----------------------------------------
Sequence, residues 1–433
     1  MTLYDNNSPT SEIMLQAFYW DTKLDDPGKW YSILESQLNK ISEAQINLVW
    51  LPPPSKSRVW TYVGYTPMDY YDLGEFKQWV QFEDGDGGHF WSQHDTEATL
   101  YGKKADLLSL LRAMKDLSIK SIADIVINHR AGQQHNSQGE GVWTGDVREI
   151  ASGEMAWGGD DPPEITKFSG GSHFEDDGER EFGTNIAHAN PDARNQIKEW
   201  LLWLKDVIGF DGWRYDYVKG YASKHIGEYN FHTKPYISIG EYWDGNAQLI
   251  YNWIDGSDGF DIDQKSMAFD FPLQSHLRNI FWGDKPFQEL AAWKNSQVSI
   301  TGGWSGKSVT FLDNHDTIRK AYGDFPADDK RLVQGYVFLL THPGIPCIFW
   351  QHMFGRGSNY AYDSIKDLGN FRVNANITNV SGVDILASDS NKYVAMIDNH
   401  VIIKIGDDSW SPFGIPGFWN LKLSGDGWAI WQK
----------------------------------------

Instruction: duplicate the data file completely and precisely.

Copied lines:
Sequence, residues 1–433
     1  MTLYDNNSPT SEIMLQAFYW DTKLDDPGKW YSILESQLNK ISEAQINLVW
    51  LPPPSKSRVW TYVGYTPMDY YDLGEFKQWV QFEDGDGGHF WSQHDTEATL
   101  YGKKADLLSL LRAMKDLSIK SIADIVINHR AGQQHNSQGE GVWTGDVREI
   151  ASGEMAWGGD DPPEITKFSG GSHFEDDGER EFGTNIAHAN PDARNQIKEW
   201  LLWLKDVIGF DGWRYDYVKG YASKHIGEYN FHTKPYISIG EYWDGNAQLI
   251  YNWIDGSDGF DIDQKSMAFD FPLQSHLRNI FWGDKPFQEL AAWKNSQVSI
   301  TGGWSGKSVT FLDNHDTIRK AYGDFPADDK RLVQGYVFLL THPGIPCIFW
   351  QHMFGRGSNY AYDSIKDLGN FRVNANITNV SGVDILASDS NKYVAMIDNH
   401  VIIKIGDDSW SPFGIPGFWN LKLSGDGWAI WQK